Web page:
The cover of The Textbook of Club Swinging by Tom Burrows.
Tom Burrows, The Text Book of Club Swinging

There was a time when Indian club swinging was one of the most fascinating, and even popular, elements of gym culture. Originally brought to Western Europe and the United States in the first half of the nineteenth century, when it was transported from the East India Company, club swinging involved swinging lightweight clubs around the body in a variety of different exercises.

As in all else, human nature meant that club swinging soon became a competitive sport in Great Britain and many of her colonial subjects. Therein lies the focus of today’s post. During the late nineteenth and early twentieth century, the Australian athlete Tom Burrows was one of the most successful club swingers around. Touring around Great Britain, Argentina, South Africa and a host of different countries, Burrows gained a reputation for strength and fortitude through these lightweight clubs.

In 1913, Health and Strength magazine reported on Burrows’ most ambitious enterprise – 107 hours club swinging without rest. For several years Burrows, and several other club swingers attempted to break the hundred hour barrier. It was a lofty target but one laden with difficulty. The reports from the magazine detail, in at times excoriating detail, the impact that Burrows’ ultimately successful effort, had on his body.

At its most basic level, the idea that exercising without rest for 107 hours is potentially damaging for the body is unproblematic. Few would willingly do it. Part of the reporting on Burrows was thus an enquiry into what changes, if any, would arise from such a Herculean feat. A number of informal, and crude, scientific experiments, like measuring Burrows’ body before and after the event, were undertaken.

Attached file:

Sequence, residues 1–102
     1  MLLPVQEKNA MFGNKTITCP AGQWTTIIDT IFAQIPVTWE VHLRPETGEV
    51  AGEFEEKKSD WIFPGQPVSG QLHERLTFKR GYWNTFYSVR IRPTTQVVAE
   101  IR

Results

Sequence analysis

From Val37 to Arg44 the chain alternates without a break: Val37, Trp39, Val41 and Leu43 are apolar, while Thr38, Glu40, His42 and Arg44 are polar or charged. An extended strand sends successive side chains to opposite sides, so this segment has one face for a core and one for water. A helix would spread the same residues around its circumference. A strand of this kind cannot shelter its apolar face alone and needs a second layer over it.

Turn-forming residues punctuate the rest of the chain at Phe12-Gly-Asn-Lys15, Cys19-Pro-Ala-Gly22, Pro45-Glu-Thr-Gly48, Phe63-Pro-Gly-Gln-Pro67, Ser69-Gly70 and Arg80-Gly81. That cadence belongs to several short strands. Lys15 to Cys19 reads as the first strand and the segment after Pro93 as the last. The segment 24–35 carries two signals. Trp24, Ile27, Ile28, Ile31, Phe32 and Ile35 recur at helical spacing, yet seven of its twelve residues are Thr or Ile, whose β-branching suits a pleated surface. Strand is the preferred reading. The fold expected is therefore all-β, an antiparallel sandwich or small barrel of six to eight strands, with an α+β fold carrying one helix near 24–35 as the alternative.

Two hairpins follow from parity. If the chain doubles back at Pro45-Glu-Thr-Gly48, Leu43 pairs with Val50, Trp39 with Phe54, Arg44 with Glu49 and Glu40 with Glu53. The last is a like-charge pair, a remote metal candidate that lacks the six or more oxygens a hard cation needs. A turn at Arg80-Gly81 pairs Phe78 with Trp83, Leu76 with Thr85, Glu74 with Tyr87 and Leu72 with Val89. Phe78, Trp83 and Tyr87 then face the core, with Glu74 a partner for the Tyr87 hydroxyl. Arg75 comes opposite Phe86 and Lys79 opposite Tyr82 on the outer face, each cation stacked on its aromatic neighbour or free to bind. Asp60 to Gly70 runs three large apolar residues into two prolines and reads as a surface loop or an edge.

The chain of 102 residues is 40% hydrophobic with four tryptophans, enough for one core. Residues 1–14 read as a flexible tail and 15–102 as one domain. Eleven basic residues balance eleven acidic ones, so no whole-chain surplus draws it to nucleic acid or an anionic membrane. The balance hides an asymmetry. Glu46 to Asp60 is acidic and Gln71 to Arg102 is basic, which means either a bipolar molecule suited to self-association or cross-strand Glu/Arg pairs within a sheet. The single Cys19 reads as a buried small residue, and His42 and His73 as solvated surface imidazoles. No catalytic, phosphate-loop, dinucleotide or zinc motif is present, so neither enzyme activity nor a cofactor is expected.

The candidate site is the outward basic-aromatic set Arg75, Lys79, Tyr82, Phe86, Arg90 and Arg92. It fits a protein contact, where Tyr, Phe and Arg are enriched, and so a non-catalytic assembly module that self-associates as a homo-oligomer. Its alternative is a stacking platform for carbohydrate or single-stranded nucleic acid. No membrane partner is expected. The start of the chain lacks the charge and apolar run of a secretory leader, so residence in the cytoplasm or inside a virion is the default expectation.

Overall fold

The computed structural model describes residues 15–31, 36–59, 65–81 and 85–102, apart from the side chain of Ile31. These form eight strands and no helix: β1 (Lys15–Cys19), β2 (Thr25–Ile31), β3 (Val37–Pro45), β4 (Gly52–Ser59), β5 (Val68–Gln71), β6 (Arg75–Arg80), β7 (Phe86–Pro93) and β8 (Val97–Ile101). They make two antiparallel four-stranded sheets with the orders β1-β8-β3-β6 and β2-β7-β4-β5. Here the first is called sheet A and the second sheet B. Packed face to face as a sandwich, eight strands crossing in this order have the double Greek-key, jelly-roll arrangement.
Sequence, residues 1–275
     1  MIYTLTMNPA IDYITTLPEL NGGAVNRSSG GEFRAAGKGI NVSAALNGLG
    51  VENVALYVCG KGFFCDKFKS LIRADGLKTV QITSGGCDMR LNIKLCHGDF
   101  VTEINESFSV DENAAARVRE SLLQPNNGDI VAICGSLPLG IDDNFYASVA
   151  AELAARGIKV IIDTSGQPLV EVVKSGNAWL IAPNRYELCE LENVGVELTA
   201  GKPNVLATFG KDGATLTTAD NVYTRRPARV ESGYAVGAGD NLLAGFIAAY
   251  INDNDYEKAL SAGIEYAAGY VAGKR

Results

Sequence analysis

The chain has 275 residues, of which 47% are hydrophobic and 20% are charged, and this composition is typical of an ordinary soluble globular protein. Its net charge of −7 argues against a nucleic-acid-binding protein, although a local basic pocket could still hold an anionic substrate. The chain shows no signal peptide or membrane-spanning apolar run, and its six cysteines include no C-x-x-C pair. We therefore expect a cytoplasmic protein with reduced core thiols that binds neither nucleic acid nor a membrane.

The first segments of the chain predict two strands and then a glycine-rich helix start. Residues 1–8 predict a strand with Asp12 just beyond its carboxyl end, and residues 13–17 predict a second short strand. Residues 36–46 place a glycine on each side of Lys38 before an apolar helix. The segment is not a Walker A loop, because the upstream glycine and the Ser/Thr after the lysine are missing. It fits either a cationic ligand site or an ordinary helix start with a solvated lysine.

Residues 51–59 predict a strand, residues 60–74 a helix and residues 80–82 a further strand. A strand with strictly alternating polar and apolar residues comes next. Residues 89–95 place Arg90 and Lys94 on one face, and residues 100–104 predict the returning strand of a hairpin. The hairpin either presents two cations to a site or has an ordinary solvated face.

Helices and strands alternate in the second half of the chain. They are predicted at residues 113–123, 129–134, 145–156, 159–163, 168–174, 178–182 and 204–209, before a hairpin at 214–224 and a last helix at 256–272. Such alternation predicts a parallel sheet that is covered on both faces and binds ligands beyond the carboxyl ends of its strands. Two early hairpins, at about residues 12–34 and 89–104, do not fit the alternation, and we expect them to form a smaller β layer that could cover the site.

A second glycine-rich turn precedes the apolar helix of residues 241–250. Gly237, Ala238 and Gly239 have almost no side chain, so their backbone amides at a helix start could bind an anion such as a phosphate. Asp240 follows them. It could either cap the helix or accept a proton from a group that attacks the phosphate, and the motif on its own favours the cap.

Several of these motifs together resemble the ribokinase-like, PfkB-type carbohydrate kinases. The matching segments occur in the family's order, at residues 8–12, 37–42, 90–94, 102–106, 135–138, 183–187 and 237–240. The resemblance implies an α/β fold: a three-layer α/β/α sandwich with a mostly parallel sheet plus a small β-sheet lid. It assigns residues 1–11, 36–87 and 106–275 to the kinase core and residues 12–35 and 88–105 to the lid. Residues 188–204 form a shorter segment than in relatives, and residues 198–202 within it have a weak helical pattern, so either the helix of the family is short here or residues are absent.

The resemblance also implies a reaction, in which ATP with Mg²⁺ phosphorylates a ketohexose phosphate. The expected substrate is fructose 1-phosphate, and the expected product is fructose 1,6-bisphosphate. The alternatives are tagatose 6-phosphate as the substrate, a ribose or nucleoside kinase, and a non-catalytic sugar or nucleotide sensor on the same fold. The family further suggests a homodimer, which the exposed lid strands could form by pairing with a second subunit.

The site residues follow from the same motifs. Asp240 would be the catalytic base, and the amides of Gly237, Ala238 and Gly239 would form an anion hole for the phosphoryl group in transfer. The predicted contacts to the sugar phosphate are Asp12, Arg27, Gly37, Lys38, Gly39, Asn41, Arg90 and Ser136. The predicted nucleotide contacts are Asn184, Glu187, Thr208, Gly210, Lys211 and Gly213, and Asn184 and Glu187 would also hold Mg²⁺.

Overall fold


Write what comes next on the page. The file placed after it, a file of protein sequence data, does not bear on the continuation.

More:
Measurements given before and after the swing:

Body PartBeforeAfter
Right Shoulder18.519.5
Right Upper Arm1212
Right Forearm11.7511.75
Left Shoulder17.518.5
Left Upper Arm1212
Left Forearm11.7511.75

More seriously the effort seemed to push Burrows’ physique and mind to their absolute limits.

Tom’s distress was manifest at a glance…. his right foot was resting in a bath, a cold water bandage was would round his head and his face was beyond description ghastly

And even yet it seemed as though he might come true

His doctor has taken him in hand, and his wife – in mental agony, which because she is a plucky woman, she was able to conceal for her husband’s sake – tends him (4 hours to go)

So we looked on…no longer on an athlete but on an invalid – the gamest, pluckiest invalid there ever was

Humanity cried to us: Stop Him! But Sport Pleaded: Let him go on. Given him a chance to win through. We wanted, yet we did not want, to see him stopped and the spirit of sport prevailed

At the bidding of Mrs. Burrows, all efforts to help the falling man are withdrawn (2.5 to go). ‘Tom’ she said to him, ‘you’re on your own now. You must stand or fall alone’.

And I saw the man next fay. He was in bed and his foot was swollen but otherwise he was sound as a bell. The doctor knew that, and he also knew that such men have a stoical disregard for pain…they conquer pain.

Editor, ‘Echoes of the Great Tom Burrows’ Swing, Health and Strength, 3 May, (1913), 464.

Thus ended one of the strangest, albeit most impressive feats of Indian club swinging, meticulously detailed in Health and Strength magazine.

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